Online Learning Update

June 21, 2018

Study: People Remember Information Better Through VR

Filed under: Online Learning News — Ray Schroeder @ 12:11 am

By Rhea Kelly, Campus Technology

University of Maryland found that people recall information better when it is presented to them in a virtual environment, as opposed to a desktop computer. The researchers asked 40 volunteers to familiarize themselves with printouts of well-known faces, such as Abraham Lincoln, the Dalai Lama, Arnold Schwarzenegger and Marilyn Monroe. Participants were then shown the faces placed in various locations within a “memory palace,” an imaginary physical location designed to promote “spatial mnemonic encoding,” or visual-based recall of an object in a specific place.

https://campustechnology.com/articles/2018/06/14/study-people-remember-information-better-through-vr.aspx

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Institutional Innovation: Disrupting the faculty member evaluation model

Filed under: Online Learning News — Ray Schroeder @ 12:05 am

By Shalina Chatlani, Education Dive

Scholars have long pointed out the inherent flaws and potential biases of student evaluation systems — and the fact that these scores can possibly unfairly determine whether faculty members receive tenure or a raise. While these long-used assessment metrics were created with the intention of improving instruction, many institutions are starting to recognize that these largely opinion-driven standards do little to inform administrators on how well a faculty member is performing, which can be negative for the integrity of the business model. That’s why the University of Oregon decided to turn the evaluation system on its head, with administrators developing an evaluation system that would rely more heavily on qualitative measurement, rather than having students rate instructors with arbitrary numbers.

https://www.educationdive.com/news/another-community-college-approved-for-bachelors-degrees/525562/

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Despite overall setbacks, one MOOC on AI gains ground

Filed under: Online Learning News — Ray Schroeder @ 12:02 am

By James Paterson, Education Dive
Despite some setbacks, some massive open online courses are growing, with three of the 10 most popular courses provided on Coursera, a leading provider of MOOCs, produced by Deeplearning.ai, according to a report in EdSurge. Students are drawn to artificial intelligence courses led by Andrew Ng, the firm’s founder and a leading figure in AI who co-founded Coursera while at Stanford University. Ng’s machine learning course, which was Coursera’s first MOOC, has enrolled more than 1.7 million, and his new series of courses introduced last year have enrolled 250,000, which means, according to EdSurge, that he “teaches more people than anyone else on the planet.” Typically, Coursera students pay a $49 a month fee, which allows them access to courses, talks with the professor and a graduation certificate. The presenters get half the course’s revenue. Another online MOOC provider, Udacity, founded by another former Stanford professor, Sebastian Thrun, offers most of its courses without university help, and is valued at more than $1 billion.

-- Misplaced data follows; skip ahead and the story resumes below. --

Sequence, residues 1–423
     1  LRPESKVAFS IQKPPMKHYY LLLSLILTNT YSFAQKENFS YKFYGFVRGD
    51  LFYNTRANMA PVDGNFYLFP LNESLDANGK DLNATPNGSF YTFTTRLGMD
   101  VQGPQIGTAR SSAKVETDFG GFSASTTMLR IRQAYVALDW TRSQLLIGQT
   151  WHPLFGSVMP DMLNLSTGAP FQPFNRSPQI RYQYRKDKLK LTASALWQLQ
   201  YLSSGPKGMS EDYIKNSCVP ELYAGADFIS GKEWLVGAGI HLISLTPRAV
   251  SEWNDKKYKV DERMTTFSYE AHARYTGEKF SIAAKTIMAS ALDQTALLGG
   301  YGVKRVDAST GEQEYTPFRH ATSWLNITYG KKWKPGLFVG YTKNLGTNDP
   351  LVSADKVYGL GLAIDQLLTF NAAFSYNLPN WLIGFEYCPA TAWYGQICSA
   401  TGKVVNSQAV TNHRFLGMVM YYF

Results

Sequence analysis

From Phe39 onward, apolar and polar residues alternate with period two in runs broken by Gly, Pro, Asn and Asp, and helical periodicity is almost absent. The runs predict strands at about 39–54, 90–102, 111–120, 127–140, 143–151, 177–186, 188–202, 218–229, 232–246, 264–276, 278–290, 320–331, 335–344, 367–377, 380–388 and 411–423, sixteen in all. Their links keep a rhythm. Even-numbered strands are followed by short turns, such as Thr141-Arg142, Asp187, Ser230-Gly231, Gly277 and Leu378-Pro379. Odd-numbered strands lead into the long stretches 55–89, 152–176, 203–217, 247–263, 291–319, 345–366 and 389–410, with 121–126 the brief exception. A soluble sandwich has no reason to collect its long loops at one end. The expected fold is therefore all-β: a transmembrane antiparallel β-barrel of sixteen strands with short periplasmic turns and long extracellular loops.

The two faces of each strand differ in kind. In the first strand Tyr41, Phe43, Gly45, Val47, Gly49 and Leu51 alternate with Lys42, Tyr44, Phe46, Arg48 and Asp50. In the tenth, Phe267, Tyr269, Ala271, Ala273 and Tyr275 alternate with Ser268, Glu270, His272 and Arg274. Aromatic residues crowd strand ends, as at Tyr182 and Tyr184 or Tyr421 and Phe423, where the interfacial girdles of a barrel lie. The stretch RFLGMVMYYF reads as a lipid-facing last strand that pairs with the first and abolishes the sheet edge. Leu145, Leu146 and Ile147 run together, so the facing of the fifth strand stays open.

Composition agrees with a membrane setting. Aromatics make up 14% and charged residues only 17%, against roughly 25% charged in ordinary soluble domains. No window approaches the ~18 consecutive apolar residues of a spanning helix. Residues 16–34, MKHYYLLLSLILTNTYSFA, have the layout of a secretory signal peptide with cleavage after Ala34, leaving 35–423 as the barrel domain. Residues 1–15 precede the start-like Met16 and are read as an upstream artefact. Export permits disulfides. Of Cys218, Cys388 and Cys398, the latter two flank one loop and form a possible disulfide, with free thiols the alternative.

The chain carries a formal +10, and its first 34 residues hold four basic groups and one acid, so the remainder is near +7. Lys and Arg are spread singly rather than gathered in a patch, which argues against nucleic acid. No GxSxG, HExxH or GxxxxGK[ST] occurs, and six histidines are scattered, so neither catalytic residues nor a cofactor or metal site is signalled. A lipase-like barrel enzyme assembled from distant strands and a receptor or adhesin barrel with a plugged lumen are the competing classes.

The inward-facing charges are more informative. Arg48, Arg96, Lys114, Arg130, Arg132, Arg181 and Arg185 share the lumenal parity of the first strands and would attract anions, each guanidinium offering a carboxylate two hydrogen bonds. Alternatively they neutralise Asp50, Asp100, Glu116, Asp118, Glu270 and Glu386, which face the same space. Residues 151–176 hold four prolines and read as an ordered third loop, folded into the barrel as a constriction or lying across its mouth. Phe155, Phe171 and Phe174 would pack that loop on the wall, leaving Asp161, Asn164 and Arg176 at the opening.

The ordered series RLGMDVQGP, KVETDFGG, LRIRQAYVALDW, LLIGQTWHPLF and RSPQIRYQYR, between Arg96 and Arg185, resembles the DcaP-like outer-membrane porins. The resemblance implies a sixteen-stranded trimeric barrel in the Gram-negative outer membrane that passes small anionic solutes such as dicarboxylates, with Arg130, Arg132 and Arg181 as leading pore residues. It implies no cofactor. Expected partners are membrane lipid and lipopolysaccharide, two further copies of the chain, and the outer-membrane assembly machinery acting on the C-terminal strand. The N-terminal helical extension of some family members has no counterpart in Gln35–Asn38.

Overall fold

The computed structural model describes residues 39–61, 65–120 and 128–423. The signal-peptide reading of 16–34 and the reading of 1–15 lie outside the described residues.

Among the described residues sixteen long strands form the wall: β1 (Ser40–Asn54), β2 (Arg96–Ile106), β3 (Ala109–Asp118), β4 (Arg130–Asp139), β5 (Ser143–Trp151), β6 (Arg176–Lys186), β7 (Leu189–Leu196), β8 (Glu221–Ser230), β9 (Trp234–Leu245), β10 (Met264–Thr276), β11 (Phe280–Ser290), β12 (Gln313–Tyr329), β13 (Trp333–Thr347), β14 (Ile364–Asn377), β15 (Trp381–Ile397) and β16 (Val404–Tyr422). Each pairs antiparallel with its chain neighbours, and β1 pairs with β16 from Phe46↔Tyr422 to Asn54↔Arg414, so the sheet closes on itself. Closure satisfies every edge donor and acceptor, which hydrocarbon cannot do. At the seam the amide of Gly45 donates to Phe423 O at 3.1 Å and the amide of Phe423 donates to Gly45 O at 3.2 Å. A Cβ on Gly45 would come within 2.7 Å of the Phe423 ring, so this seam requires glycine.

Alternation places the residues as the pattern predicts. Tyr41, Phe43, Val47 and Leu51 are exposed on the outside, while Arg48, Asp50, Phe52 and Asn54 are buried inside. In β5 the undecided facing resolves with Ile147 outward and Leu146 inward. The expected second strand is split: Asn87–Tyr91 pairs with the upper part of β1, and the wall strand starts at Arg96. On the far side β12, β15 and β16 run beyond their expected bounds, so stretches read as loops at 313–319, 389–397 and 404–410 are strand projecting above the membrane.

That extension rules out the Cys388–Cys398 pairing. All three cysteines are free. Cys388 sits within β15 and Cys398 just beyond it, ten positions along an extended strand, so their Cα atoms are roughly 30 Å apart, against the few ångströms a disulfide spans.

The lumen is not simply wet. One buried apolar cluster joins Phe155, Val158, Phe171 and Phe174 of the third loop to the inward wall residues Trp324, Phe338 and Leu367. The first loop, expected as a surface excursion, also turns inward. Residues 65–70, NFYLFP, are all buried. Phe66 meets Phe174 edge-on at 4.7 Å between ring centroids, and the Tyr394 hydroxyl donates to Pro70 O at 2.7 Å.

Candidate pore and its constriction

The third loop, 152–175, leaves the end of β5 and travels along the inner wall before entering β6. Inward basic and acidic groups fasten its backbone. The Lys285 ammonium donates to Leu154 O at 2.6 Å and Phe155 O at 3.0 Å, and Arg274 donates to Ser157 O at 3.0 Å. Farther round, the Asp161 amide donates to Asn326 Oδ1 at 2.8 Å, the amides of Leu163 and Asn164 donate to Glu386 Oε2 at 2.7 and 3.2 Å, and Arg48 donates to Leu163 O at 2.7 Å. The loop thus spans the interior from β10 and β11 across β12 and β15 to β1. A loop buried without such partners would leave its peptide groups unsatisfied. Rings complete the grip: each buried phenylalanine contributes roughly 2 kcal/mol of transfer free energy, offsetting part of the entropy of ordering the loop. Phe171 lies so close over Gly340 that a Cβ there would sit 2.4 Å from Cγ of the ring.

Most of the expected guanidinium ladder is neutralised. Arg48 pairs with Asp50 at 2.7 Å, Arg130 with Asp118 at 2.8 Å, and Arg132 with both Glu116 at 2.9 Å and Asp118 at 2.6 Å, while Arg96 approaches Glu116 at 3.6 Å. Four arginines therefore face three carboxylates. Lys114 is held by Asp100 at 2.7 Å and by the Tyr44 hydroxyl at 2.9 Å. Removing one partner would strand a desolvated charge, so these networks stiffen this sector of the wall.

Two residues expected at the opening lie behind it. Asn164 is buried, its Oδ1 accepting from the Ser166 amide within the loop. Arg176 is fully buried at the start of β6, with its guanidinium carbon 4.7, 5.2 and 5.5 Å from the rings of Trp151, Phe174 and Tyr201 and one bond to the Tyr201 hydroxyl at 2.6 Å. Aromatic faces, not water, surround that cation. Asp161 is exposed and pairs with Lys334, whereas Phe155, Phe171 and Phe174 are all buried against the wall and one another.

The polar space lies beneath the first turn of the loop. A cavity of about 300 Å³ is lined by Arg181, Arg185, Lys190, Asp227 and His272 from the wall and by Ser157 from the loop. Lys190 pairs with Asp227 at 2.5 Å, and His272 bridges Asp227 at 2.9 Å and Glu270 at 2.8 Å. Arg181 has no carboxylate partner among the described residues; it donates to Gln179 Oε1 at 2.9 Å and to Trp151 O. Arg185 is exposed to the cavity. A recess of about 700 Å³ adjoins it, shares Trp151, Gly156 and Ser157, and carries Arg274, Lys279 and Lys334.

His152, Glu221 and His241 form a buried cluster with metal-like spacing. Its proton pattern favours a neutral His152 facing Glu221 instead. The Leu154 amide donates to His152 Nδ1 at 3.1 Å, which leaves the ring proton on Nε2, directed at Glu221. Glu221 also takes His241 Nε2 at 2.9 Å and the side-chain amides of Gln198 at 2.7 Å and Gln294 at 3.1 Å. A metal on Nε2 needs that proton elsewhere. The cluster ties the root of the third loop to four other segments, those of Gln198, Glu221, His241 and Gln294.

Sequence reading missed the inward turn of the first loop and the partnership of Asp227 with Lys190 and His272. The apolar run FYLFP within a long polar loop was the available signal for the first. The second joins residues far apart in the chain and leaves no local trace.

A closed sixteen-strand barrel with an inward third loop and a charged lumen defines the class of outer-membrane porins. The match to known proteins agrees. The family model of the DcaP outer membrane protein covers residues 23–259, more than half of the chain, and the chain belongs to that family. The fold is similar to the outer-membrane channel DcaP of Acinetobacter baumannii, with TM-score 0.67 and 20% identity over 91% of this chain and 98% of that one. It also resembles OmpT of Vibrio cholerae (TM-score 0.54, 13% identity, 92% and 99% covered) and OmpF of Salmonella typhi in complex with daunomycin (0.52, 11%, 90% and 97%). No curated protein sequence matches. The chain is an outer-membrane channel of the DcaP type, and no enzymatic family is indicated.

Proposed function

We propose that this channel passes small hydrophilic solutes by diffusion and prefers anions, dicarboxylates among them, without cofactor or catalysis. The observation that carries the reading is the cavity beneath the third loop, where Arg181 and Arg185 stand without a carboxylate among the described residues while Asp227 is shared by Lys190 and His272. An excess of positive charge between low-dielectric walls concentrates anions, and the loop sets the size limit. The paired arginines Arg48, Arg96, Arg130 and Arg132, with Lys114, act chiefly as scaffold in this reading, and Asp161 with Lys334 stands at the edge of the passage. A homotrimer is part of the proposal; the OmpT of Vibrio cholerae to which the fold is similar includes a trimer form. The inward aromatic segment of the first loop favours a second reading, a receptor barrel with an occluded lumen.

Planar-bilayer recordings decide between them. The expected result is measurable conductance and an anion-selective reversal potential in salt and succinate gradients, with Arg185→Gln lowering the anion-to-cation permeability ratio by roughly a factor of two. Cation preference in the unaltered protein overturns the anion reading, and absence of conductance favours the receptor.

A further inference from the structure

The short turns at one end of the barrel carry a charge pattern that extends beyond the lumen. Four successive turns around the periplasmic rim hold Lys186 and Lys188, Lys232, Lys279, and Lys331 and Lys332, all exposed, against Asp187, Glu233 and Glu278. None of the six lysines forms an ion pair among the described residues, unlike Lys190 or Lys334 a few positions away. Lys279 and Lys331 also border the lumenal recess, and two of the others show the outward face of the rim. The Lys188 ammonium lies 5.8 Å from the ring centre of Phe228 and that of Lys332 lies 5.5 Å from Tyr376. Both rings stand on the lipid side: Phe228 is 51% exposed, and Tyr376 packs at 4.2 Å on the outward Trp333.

https://www.educationdive.com/news/despite-overall-setbacks-one-mooc-on-ai-gains-ground/525812/

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June 20, 2018

5 WaysDigital Connectivity is Revolutionising Education

Filed under: Online Learning News — Ray Schroeder @ 12:10 am

by Global Banking and Finance Review
Gone are the blackboards of yesteryear. Instead, many schools and higher education institutions are using a range of connected devices, both at school and at home, as part of a wireless revolution in the education sector.With the growth of automation, cyber-security and AI, the role that technology will play in the education sector is already shaping a future job market. In preparation for these new advancements, schools and students will need to adapt to a constantly changing way of digital learning. Here Performance Networks discuss 5 ways digital connectivity is revolutionising the education sector, as well as offering insight into how digital learning technology will shape schools in the future.

5 WaysDigital Connectivity is Revolutionising Education

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4 Powerful Ways to Use Games in eLearning

Filed under: Online Learning News — Ray Schroeder @ 12:04 am

by Matthew Lynch, Tech Edvocate

Learning games provide greater benefits than passing the time in class or entertaining students to keep them occupied. Experienced teachers know that using games in the classroom can invigorate interest in learning, so why wouldn’t eLearning incorporate using gaming in digital courseware and learning tools? Learners who participate in instructional games have improved their performance scores by as much as 30% and increased their confidence by 20%, likely because of the motivation and engagement games produce. In short, gaming in the classroom improves overall retention by 17%. Not only are learners more engaged and better motivated to learn, but they also are more likely to remember what they’ve learned. Games have specific purposes in instruction. Incorporating games at specific instructional points in eLearning can augment the instructional program, and here are four ways to do it:

4 Powerful Ways to Use Games in eLearning

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Imagining A Blockchain University

Filed under: Online Learning News — Ray Schroeder @ 12:03 am

by Tom Vander Ark , Forbes